flowers with grain size up to 100 m (Zhang et al., 2012). Result showed that, graphene grown on a Cu foil placed outside the small vapour trapping tube did not show any flower shape, but continuous graphene film with slight etching. This result indicated that the vapour trapping tube changed the local environment inside the tube, especially in reducing the carbon supply and creating a quasi-static reactant gas distribution that resulted in large flower shaped graphene grains.

      In line with the experiments, it is concluded that when methane flow rate decreased (from 300 sccm to 180 sccm) using Fe foils while keeping the other parameters unchanged bilayer graphene instead of multilayer was obtained (Xue et al., 2011).

    5. Annealing Time

      Researches has shown that the presence of impurities and defects on the surface of a substrate affects the nucleation behaviour considerably. Gao et al. (2012), demonstrated that the graphene nucleation rate near a step edge may be 104107 times greater than that on a terrace due to a significantly lower nucleation barrier. As known, high temperature treatments of the substrate revealed to be helpful for the reduction of volatile impurities, contaminants, and defects on a copper surface, thus leading to the hindering of graphene nucleation. Wang et al. (2012), used 3 hours of annealing time to reduce the nucleation density on copper foils resulting in large hexagonal domains. The effects of total annealing time and temperature on the orientation and size of grains within Cu foils and CuNi alloy foils were also studied (Robinson et al., 2012). The annealing process could be summarized in two stages. During the grain growth, the first step is to incorporate and order atoms from the disordered regions, resulting in some ordered regions. The second step is the growth of large grains at the expense of 24 smaller ones. As the temperature increases to a value close to the melting point of the metal, the diffusion coefficient of the atoms within the foil becomes very large, resulting in the growth of grains with macroscopic dimensions. Concerning the effect of H2 during the annealing treatment, it is suggested that H2 can eliminate certain impurities such as sulphur (S) and phosphorus (P) that may cause local variations in the carbon dissolvability in the metal substrates (Angermann & Hörz, 1993). Therefore, it seems clear that long annealing times at low pressure of reducing gases combined with high temperature, yielded low nucleation density and subsequent large domains. This route is highly desirable in high quality graphene synthesis.

    6. Scalability

      One of the advantages of graphene synthesis using the CVD is the ability to maximize the scale without losing the homogeneity of large area films (Bae et al. 2010). In their work, they used an 8-inch-wide double tubular quartz reactor which allows for a monolayer graphene film to be synthesized on a roll of copper foil with dimensions as large as 30 inches in the diagonal direction. Optical properties of different layers of these films were measured such as bilayer, tri-layer and four-layer graphene.

      Roll-to-roll microwave plasma (CVD) was also used for the continuous deposition of graphene films in industrial mass production (Takatoshi et al., 2012). Few layer graphene films, which consist of flakes with a nano-meter size, were deposited onto a Cu foil, although it was expected that graphene films can be obtained on other substrates by optimizing the deposition conditions.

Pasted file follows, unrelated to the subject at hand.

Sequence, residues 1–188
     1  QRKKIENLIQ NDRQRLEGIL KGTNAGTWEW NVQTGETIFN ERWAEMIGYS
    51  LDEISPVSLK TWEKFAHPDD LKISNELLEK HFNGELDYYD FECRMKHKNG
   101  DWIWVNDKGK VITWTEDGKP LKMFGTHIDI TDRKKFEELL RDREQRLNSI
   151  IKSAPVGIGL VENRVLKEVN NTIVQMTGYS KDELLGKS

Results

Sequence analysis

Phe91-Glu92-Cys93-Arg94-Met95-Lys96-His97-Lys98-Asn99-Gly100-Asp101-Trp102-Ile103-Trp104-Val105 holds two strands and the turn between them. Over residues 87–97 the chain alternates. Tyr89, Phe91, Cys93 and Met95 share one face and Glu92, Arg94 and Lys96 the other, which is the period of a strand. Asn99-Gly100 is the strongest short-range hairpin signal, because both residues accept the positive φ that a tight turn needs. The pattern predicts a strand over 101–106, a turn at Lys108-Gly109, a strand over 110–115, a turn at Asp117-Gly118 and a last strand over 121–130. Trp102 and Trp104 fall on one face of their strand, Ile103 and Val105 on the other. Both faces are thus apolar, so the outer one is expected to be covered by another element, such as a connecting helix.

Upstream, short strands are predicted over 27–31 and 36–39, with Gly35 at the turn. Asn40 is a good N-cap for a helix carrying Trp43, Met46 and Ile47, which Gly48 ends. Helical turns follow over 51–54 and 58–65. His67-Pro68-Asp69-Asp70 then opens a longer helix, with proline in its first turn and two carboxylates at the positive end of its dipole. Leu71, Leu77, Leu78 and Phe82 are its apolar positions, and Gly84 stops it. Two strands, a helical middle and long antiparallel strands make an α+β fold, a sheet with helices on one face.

Researchers have succeeded in growing graphene from almost all metals and substrates. However, an indebt analysis into the growth of graphene on dielectric substrates have not been fully exploited. The full exploitation of graphene grown on dielectric substrates will allow researchers understand how dielectric substrates affect the physical, chemical, electronic and optical and magnetic properties of as-grown graphene.

      7.0 CONCLUSION

      An in-depth review on the synthesis of graphene by CVD techniques is presented, reviewing meaningful results obtained by different researchers around the world. The preparation of graphene deposits necessarily requires to follow some definite steps, such as slow enough supply of carbon species to the growing surface that allows surface diffusion of carbon atoms over the substrate. Different precursors may be used as carbon atoms source for the preparation of graphene. Among them, a mixture hydrocarbon-hydrogen and particularly methane-hydrogen is most widely used. We also showed that pressure and temperature are also decisive parameters for the successful growth of CVD few-layer graphene from hydrocarbon/hydrogen gas mixtures. Low pressure (LP) CVD regimes enhance evaporation of catalyst and etched domains, although the control of the number of layers seems to be more precise. Also highlighted is the importance of long annealing periods of metal substrate/catalyst at low pressure in a reducing gas combined with high temperature which leads to a low nucleation density and afterwards large domains, which is good for high quality graphene synthesis. In addition, low temperature processes for graphene synthesis are being developed by using plasma assisted processes. This will be an extensive area of research in the near future with the intention to synthesize controllable number of graphene layers on arbitrary substrates with a reliable and reproducible method. However, physical, optical and electronic properties of these graphene grown films grown on dielectric substrates needs to be extensively studied.